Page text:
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Maintaining momentum in partnership

Finding momentum in our work lives is important for various reasons – it can build a sense of comradery, purpose, flow – a work life that is predictable, reliable and with a clear system that you know how to navigate.

In partnership, finding momentum might manifest as the referral process working smoothly, having clarity of roles, purposeful communication, or clear investment and connection from both partners in the work that you’re doing.

And yet, momentum in partnership can be both hard to build and easily disrupted. This can happen for various reasons – perhaps there has been turnover in staff, a champion of the partnership has moved on, or you might feel that there is a discrepancy in buy in between you and your partner. Scenarios like this (just to name a few) can make it hard to achieve the client outcomes you’re collectively working toward.

Resilient partnerships – partnerships that can sustain themselves and maintain momentum throughout change, whatever that change might be – require partners to get on the same page about how you will collectively respond to the changes you may have observed or might encounter in the future. Because change in partnership is a constant, and so momentum is something that can be monitored and responded to frequently, not just when things go wrong or feel stalled.

One way you can go about this is by creating a change strategy for your partnership. Health Justice Australia’s Managing change in your partnership resource provides a template for developing an HJP change strategy in four different scenarios: translating, trying something new, deepening engagement and scaling back or winding up. These contain statements to help you and your partner co-create your change strategy together – what this looks like will be specific and unique to the context of your partnership and the community your partnership is there to help.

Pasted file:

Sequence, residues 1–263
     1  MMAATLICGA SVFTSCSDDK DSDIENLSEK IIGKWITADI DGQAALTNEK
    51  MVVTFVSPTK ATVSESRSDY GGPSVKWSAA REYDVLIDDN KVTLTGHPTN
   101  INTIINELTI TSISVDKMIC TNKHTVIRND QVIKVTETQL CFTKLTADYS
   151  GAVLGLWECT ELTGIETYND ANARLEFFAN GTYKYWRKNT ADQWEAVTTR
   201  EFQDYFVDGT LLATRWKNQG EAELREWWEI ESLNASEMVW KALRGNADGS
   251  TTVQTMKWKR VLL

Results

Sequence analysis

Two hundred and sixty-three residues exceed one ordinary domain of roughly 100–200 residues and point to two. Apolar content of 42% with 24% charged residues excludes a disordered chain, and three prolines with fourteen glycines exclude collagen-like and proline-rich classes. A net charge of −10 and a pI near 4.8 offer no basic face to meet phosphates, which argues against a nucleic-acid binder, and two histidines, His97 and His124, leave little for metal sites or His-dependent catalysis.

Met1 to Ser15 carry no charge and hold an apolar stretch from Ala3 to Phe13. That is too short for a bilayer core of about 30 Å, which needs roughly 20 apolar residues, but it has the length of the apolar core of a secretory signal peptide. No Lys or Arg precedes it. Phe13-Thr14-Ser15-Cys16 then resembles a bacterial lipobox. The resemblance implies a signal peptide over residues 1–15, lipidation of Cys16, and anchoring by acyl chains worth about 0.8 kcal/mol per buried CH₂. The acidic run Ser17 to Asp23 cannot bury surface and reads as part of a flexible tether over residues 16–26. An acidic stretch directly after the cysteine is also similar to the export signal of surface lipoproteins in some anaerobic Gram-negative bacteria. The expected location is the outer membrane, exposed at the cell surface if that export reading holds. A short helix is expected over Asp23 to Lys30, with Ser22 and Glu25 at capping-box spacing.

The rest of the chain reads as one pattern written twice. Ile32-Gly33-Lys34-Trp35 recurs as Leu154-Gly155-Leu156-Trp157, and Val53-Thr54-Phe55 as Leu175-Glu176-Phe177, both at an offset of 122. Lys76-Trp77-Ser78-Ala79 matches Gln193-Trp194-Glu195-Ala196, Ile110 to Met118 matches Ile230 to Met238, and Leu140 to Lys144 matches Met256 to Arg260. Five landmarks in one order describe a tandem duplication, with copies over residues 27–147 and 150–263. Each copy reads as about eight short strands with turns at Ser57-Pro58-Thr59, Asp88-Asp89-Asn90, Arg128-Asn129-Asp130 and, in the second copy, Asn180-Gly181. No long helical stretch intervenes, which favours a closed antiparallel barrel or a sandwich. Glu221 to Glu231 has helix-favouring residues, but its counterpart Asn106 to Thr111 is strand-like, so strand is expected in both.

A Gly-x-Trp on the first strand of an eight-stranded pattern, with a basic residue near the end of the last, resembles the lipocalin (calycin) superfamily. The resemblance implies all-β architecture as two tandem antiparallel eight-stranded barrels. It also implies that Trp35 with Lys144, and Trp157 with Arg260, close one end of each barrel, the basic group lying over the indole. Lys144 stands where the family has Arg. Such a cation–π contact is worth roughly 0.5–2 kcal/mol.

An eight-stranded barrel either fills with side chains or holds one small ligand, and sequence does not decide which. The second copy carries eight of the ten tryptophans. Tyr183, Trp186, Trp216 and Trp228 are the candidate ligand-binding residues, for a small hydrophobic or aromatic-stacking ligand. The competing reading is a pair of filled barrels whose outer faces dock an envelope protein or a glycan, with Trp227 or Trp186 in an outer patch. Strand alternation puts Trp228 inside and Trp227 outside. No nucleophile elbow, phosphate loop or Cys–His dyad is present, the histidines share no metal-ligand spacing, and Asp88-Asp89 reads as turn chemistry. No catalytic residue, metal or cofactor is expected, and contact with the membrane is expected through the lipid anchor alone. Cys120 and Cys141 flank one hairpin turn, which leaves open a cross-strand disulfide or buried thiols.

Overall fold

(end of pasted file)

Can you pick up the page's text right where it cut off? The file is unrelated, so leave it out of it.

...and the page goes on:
Feel free to use this resource in the way that suits you and your partner the best – you can add other questions or skip sections that aren’t relevant – whatever helps you and your partner find the motivation to sit down and co-create your change strategy together, so that you can build and maintain momentum in partnership.

Related content

Building effective health justice partnerships (HJPs) requires partners to pay attention to how they work together, not just what they do. Here’s a guide to help you set up processes for reviewing your partnership.

Guide

A guide to developing and implementing a health justice partnership that responds to local conditions and needs.

Guide